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Description: American Watercolor in the Age of Homer and Sargent
~This project was a long time building. I discovered the American watercolor movement as a graduate student, preparing an exhibition of the work of Edwin Austin Abbey at the Yale University Art Gallery in 1973. Abbey’s sudden celebrity in 1882 at the exhibition of the American Watercolor Society changed his career and gave me pause: something was...
PublisherPhiladelphia Museum of Art
This project was a long time building. I discovered the American watercolor movement as a graduate student, preparing an exhibition of the work of Edwin Austin Abbey at the Yale University Art Gallery in 1973. Abbey’s sudden celebrity in 1882 at the exhibition of the American Watercolor Society changed his career and gave me pause: something was going on in watercolor painting in New York that year! I am grateful to Theodore E. Stebbins, Jr., my advisor at Yale, who suggested I take on the Abbey project, helped me as I developed my thesis, and drafted me onto the team helping him canvas public and private collections for the ambitious survey of American watercolors and drawings that he prepared in 1976. That catalogue, American Master Drawings and Watercolors, remains a benchmark in the field, and from that era came friends who encouraged my research for decades to come. Fellow student Carol Troyen, also a Stebbins collaborator then, and now a distinguished scholar of American art, has continued to share my interest in watercolors and, tying all the intervening decades together, served as an invaluable reader of the manuscript for this book. Over all this time, I have many to thank. Jules Prown, who sagely guided me through the completion of my thesis, for years urged me to return to the subject; other friends from Yale days—Nancy Bialler, Susan Casteras, Constance Clements, Tom Colville, Helen Cooper, Douglas Druick, Galina Garokhoff, Christina Orr Cahall, Marilyn McCully, Michael Quick, Gale Rawson, Oswaldo Rodriguez, John Wilmerding, Peter Zegers—are gratefully remembered for past and recent support. A Wyeth Foundation fellowship in 1974 made it possible for me to install myself in the drawings study at the Museum of Fine Arts, Boston—where help from Sue Welsh Reed is fondly recalled—and at the Fogg Museum, where Agnes Mongan graciously dubbed me a research assistant and Marjorie Cohn taught me about water-color materials and techniques. My first teaching post, at Williams College in 1975, gave me an inaugural chance to teach about watercolors, and I remember the assistance of the faculty there—particularly Fane Faison and Whitney Stoddard—and my bright students and friends, some of whom are colleagues today, such as Fronia and Marc Simpson and Beth Weiss.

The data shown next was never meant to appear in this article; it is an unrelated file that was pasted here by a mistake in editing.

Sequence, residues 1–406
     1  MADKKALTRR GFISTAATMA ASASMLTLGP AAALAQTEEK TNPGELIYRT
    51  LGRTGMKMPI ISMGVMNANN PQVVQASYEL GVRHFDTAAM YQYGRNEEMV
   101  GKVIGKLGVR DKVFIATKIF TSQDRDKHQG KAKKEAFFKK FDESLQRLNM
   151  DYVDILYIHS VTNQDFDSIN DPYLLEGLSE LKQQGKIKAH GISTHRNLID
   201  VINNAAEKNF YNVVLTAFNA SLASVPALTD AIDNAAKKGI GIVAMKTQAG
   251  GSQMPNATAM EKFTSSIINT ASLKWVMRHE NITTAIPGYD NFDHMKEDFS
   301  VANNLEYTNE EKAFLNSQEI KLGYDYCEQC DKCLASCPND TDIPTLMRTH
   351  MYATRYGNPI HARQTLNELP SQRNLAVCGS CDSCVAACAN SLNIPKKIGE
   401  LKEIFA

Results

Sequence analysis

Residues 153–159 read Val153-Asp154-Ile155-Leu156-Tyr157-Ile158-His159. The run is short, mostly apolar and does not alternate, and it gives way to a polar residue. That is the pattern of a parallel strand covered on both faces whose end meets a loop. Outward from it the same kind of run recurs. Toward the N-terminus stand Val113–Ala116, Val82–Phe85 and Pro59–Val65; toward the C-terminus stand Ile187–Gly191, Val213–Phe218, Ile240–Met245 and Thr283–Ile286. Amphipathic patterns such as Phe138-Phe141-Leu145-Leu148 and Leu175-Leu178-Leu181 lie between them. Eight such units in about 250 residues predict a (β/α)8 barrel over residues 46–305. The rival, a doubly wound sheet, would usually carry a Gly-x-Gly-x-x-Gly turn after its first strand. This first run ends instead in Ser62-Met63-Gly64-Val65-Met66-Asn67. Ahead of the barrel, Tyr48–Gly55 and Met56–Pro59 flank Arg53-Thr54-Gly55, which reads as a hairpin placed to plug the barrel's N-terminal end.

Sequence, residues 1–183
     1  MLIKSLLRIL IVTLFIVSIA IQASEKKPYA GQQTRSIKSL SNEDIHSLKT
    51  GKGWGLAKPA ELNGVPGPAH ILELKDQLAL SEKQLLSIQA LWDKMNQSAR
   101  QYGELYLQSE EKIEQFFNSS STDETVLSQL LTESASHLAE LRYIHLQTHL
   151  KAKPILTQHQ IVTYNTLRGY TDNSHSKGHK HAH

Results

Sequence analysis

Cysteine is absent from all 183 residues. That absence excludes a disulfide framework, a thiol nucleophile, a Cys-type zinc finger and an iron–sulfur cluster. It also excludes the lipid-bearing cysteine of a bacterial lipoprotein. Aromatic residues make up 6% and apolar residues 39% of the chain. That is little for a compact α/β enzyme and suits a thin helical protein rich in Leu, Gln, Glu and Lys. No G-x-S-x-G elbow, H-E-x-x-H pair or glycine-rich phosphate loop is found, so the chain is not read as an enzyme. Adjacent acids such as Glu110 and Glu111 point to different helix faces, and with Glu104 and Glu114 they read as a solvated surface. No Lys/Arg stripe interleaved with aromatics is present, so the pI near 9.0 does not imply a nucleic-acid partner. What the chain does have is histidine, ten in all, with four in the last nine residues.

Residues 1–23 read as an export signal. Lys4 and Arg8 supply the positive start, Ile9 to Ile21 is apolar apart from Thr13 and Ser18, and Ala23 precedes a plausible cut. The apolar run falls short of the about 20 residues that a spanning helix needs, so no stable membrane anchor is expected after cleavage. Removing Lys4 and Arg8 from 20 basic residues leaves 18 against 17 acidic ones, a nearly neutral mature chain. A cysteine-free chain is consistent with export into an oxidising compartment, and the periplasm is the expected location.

In 1977 I moved to Philadelphia, and two years later joined the curatorial team at the Pennsylvania Academy of the Fine Arts, where I was soon distracted by wonderful projects supervised by Frank H. Goodyear, Jr., and Richard Boyle. Colleagues at PAFA, such as Finda Bantel, Mark Bockrath, Cheryl Feibold, Helen Mangelsdorf, Elizabeth Milroy, Judith Stein, Catherine Stover, and Jeanette Toohey, supported me as I finished my dissertation and launched new work on Thomas Eakins that continues to play out in the current book. Fife was made rich at this time by fieldwork adventures with my husband Henry Glassie and the thrilling arrival of our daughter, Ellen Adair. Henry taught me about folklore and material culture and set an inspiring example as a scholar while supporting my work; Ellen Adair has been the light of my life.
While I was at PAFA, a special project team formed at the Metropolitan Museum of Art, where John Caldwell and I teamed up with David Kiehl to present an exhibition of American works on paper at the opening of the “new” American wing in 1980. In systematically reviewing the collection at the Met I came to appreciate the resources there—of both art and people—and I am grateful for decades of friends and colleagues, including Kevin Avery, Carrie Rebora Barratt, Doreen Bolger, Alice (Nonnie) Frelinghuysen, Morrison Heckscher, Stephanie Herdrich, Elizabeth Kornhauser, Amelia Peck, Marjorie Shelley, Thayer Tolies, Barbara Weinberg, and Sylvia Yount. It is not by coincidence that the Met is the largest lender to this exhibition in 2017, after the Philadelphia Museum of Art, and I am thankful for such generosity.